Wines from Georgia are probably inspiring the most excitement for a variety of reasons. First there’s the history, which has a mesmerizing frisson of danger: in the last century, the country’s 8000 year long wine culture was threatened due to the success of two high-yielding grapes, Rkatsiteli and Saperavi. Their success meant that many of the estimated 1500 varieties under vine a century ago were removed, explains LA sommelier and Georgian wine nut (previously of Spago and Mazzo Restaurant Group, now a consultant at Whole Cluster Beverage and Hospitality and GM of République) Taylor Parsons.
Noel Brockett, a director at the Maryland-based importer Georgian Wine House, also blames the free market-stymieing effects of communism on the extermination of many indigenous varieties. Luckily in the 21st Century varietal diversity was again championed and supporters of the movement, like the team at the Georgian Wine House, began spreading the gospel of Georgian wine.
We went from maybe four wines in our portfolio in 2004 when we got started to 60-65 now, Brockett says. In the past five years, but especially the last two, Georgian wine is being recognized by some of the most highly regarded sommeliers in the country.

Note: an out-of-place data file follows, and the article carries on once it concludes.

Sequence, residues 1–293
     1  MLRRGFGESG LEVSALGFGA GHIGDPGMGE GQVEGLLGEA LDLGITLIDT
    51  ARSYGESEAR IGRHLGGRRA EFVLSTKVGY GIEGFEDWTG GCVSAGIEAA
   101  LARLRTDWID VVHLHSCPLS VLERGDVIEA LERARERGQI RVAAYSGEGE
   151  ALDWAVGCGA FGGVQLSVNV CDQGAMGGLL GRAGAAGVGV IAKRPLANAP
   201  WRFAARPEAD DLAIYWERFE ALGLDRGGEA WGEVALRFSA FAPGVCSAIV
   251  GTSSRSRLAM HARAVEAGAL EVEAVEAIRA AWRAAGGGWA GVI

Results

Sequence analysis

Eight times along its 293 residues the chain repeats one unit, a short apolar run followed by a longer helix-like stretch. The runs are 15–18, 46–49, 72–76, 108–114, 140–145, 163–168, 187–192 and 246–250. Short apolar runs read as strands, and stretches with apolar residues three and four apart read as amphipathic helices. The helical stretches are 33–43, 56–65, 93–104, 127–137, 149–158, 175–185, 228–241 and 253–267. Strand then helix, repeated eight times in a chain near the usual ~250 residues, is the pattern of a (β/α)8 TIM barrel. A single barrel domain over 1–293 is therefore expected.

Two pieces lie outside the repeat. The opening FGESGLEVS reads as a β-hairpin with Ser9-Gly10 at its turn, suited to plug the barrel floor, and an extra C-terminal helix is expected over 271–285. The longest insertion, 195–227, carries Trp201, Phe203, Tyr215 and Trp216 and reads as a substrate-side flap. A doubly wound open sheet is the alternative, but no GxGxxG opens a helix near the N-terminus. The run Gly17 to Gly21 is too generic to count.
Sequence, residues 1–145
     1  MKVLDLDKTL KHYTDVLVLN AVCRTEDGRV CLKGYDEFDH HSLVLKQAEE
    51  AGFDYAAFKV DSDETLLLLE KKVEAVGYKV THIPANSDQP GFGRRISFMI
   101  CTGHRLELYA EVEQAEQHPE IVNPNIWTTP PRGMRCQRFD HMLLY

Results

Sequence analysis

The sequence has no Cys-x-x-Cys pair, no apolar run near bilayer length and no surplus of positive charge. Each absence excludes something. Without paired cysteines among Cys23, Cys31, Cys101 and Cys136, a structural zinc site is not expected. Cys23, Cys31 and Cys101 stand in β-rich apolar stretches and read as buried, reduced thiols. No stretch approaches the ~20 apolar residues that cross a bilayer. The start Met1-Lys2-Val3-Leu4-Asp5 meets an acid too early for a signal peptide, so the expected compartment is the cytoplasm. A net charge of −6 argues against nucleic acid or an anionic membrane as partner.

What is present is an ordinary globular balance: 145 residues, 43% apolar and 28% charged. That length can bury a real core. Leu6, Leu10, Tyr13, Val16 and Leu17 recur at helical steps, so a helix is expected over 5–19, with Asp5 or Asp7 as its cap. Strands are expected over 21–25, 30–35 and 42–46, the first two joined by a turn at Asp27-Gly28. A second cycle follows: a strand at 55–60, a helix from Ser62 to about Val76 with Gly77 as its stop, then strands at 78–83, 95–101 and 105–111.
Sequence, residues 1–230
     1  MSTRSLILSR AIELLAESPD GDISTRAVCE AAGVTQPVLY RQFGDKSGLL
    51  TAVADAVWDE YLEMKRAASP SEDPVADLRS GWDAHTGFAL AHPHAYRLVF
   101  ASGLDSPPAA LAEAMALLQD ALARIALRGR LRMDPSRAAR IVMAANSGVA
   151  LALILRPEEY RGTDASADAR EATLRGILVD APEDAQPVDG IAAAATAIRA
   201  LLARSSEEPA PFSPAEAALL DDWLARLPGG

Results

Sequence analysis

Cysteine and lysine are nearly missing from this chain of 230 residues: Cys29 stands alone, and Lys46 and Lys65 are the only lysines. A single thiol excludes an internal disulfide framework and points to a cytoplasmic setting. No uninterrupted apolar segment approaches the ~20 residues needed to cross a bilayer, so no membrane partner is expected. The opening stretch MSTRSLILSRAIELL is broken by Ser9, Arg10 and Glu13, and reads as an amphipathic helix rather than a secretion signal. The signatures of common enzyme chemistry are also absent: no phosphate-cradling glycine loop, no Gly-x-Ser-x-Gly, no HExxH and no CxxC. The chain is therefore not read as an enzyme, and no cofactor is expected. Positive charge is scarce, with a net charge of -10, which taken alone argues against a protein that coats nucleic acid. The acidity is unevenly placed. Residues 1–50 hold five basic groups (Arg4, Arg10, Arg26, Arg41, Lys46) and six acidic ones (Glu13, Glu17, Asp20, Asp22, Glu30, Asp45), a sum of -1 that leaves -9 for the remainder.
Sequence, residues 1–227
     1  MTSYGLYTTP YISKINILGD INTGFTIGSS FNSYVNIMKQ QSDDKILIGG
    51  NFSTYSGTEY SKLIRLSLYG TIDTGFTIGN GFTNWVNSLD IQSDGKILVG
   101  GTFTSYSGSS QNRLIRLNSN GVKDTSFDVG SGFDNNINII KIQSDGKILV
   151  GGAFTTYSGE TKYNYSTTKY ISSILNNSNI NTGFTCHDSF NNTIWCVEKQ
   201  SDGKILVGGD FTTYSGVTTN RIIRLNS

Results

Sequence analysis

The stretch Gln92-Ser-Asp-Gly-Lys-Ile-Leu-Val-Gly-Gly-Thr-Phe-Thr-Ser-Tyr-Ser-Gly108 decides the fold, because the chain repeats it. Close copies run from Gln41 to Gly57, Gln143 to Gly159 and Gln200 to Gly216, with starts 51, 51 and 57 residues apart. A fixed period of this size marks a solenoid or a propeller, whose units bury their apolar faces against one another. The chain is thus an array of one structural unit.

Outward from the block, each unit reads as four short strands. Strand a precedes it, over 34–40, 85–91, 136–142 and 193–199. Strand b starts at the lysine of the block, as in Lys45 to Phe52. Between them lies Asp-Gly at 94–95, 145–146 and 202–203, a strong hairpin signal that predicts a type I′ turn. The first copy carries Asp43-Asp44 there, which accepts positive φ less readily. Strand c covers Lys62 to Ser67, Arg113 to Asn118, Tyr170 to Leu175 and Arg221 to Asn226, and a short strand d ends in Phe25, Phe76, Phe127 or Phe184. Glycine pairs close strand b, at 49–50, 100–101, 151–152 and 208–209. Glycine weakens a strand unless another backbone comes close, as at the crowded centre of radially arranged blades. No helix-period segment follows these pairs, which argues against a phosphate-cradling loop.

Our Best Spirits
Get to Know Us
The Origin of our Drinks
Georgia is generally considered the ‘cradle of wine’, as archaeologists have traced the world’s first known wine creation back to the people of the South Caucasus in 6,000BC. These early Georgians discovered grape juice could be turned into wine by burying it underground for the winter.
Where you can Taste our Drinks?
Some archaeologists claim that Georgia is the birthplace of wine. It is true because winemaking there dates back to 5,000 years ago. So wine is one of the most popular drinks in Georgia. Of course, there is Chacha (a kind of brandy) which you can find almost everywhere, but it is not all the story, and there are other kinds of alcoholic drinks too.
Wine Quality Prediction
All wines exported from Georgia have passed several strict tests for quality and authenticity. They must pass an official tasting panel, which assesses the wines for quality and typicity. Many iterations of these panel tastings are held in the National Wine Agency tasting laboratory through the year.
Learn More About Us
In fact, one could say that Georgia is suffering from a serious case of “wine fever”—seemingly everyone wants in on the game. In 2006 there were roughly 80 registered wineries, but by 2018, the number had ballooned to 961—and more are popping up. As wineries proliferate, the trade is growing along with them.